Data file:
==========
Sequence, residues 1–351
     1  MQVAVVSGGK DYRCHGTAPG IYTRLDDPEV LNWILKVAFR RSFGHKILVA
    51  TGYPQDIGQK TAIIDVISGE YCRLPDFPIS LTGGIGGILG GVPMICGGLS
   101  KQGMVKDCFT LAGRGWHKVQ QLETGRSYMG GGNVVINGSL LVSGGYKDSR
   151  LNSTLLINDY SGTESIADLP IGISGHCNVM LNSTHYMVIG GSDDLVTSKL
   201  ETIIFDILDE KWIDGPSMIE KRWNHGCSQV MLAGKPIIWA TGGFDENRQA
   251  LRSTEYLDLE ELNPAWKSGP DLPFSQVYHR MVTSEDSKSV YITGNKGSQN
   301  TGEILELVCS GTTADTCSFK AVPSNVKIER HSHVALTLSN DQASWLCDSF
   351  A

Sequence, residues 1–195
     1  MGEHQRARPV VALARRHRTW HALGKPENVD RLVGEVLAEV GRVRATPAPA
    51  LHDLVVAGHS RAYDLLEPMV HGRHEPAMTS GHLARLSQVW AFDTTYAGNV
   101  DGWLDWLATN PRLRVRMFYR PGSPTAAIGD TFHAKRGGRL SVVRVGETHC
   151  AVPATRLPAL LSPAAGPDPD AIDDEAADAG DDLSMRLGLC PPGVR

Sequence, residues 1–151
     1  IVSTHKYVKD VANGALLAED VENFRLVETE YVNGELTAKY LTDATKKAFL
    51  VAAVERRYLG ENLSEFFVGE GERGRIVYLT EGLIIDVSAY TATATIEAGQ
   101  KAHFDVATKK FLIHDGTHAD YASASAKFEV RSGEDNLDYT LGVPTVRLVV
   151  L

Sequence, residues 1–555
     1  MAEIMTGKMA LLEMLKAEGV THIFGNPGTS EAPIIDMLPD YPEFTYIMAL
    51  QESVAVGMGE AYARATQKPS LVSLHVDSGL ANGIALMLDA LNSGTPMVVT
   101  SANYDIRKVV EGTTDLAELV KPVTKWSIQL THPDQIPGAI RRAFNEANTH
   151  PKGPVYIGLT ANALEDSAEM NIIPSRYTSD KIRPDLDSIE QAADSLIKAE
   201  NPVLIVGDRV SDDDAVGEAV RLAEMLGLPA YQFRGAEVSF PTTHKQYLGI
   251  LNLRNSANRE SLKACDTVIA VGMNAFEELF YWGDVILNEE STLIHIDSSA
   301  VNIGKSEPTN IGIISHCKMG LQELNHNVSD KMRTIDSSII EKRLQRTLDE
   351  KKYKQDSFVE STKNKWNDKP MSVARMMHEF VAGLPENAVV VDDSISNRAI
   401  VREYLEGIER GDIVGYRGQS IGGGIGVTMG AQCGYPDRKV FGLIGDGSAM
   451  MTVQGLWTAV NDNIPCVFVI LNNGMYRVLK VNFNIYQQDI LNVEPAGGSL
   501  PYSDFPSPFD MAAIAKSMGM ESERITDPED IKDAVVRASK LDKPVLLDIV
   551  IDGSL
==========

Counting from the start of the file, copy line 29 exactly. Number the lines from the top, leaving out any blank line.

   401  VREYLEGIER GDIVGYRGQS IGGGIGVTMG AQCGYPDRKV FGLIGDGSAM